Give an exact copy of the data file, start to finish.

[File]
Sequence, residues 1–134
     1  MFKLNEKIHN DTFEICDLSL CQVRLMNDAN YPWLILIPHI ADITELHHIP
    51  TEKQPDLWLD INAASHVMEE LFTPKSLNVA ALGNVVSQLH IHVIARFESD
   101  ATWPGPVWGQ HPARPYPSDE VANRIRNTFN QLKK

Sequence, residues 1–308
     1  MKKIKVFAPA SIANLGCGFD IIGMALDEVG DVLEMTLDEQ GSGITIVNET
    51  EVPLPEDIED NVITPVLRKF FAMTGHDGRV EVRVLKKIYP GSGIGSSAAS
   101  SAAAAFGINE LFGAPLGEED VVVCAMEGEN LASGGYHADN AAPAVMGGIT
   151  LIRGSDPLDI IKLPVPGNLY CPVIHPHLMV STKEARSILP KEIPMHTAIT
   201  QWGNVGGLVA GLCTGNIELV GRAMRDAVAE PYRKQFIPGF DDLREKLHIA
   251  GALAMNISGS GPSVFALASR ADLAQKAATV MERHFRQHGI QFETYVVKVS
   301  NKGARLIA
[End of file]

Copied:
Sequence, residues 1–134
     1  MFKLNEKIHN DTFEICDLSL CQVRLMNDAN YPWLILIPHI ADITELHHIP
    51  TEKQPDLWLD INAASHVMEE LFTPKSLNVA ALGNVVSQLH IHVIARFESD
   101  ATWPGPVWGQ HPARPYPSDE VANRIRNTFN QLKK

Sequence, residues 1–308
     1  MKKIKVFAPA SIANLGCGFD IIGMALDEVG DVLEMTLDEQ GSGITIVNET
    51  EVPLPEDIED NVITPVLRKF FAMTGHDGRV EVRVLKKIYP GSGIGSSAAS
   101  SAAAAFGINE LFGAPLGEED VVVCAMEGEN LASGGYHADN AAPAVMGGIT
   151  LIRGSDPLDI IKLPVPGNLY CPVIHPHLMV STKEARSILP KEIPMHTAIT
   201  QWGNVGGLVA GLCTGNIELV GRAMRDAVAE PYRKQFIPGF DDLREKLHIA
   251  GALAMNISGS GPSVFALASR ADLAQKAATV MERHFRQHGI QFETYVVKVS
   301  NKGARLIA